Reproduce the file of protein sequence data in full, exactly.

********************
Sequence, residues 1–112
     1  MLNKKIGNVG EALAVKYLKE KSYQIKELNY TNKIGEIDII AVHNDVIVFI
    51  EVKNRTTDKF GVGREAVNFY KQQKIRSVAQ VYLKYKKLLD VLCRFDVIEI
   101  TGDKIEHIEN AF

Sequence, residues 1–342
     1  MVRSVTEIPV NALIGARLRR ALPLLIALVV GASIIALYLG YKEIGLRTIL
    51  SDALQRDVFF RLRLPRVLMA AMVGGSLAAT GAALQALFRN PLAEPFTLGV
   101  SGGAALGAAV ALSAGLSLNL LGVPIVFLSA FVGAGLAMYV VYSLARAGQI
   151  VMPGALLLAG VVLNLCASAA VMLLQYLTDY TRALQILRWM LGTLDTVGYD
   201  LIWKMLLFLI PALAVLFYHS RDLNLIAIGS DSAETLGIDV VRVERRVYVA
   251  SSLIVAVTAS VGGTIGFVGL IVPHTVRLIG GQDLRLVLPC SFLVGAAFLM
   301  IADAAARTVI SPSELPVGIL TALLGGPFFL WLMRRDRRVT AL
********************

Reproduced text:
Sequence, residues 1–112
     1  MLNKKIGNVG EALAVKYLKE KSYQIKELNY TNKIGEIDII AVHNDVIVFI
    51  EVKNRTTDKF GVGREAVNFY KQQKIRSVAQ VYLKYKKLLD VLCRFDVIEI
   101  TGDKIEHIEN AF

Sequence, residues 1–342
     1  MVRSVTEIPV NALIGARLRR ALPLLIALVV GASIIALYLG YKEIGLRTIL
    51  SDALQRDVFF RLRLPRVLMA AMVGGSLAAT GAALQALFRN PLAEPFTLGV
   101  SGGAALGAAV ALSAGLSLNL LGVPIVFLSA FVGAGLAMYV VYSLARAGQI
   151  VMPGALLLAG VVLNLCASAA VMLLQYLTDY TRALQILRWM LGTLDTVGYD
   201  LIWKMLLFLI PALAVLFYHS RDLNLIAIGS DSAETLGIDV VRVERRVYVA
   251  SSLIVAVTAS VGGTIGFVGL IVPHTVRLIG GQDLRLVLPC SFLVGAAFLM
   301  IADAAARTVI SPSELPVGIL TALLGGPFFL WLMRRDRRVT AL